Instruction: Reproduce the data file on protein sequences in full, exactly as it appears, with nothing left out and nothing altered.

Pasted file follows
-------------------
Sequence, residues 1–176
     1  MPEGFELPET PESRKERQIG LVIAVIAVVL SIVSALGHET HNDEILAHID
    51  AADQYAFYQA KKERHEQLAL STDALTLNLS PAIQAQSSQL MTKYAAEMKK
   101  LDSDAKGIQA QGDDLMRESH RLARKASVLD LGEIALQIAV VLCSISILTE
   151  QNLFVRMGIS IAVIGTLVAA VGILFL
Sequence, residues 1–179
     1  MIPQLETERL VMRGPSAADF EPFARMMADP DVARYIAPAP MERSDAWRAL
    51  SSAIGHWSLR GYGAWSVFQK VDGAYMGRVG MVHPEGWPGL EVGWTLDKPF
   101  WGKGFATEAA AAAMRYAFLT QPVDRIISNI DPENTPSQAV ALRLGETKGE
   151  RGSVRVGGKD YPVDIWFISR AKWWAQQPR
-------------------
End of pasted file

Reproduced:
Sequence, residues 1–176
     1  MPEGFELPET PESRKERQIG LVIAVIAVVL SIVSALGHET HNDEILAHID
    51  AADQYAFYQA KKERHEQLAL STDALTLNLS PAIQAQSSQL MTKYAAEMKK
   101  LDSDAKGIQA QGDDLMRESH RLARKASVLD LGEIALQIAV VLCSISILTE
   151  QNLFVRMGIS IAVIGTLVAA VGILFL
Sequence, residues 1–179
     1  MIPQLETERL VMRGPSAADF EPFARMMADP DVARYIAPAP MERSDAWRAL
    51  SSAIGHWSLR GYGAWSVFQK VDGAYMGRVG MVHPEGWPGL EVGWTLDKPF
   101  WGKGFATEAA AAAMRYAFLT QPVDRIISNI DPENTPSQAV ALRLGETKGE
   151  RGSVRVGGKD YPVDIWFISR AKWWAQQPR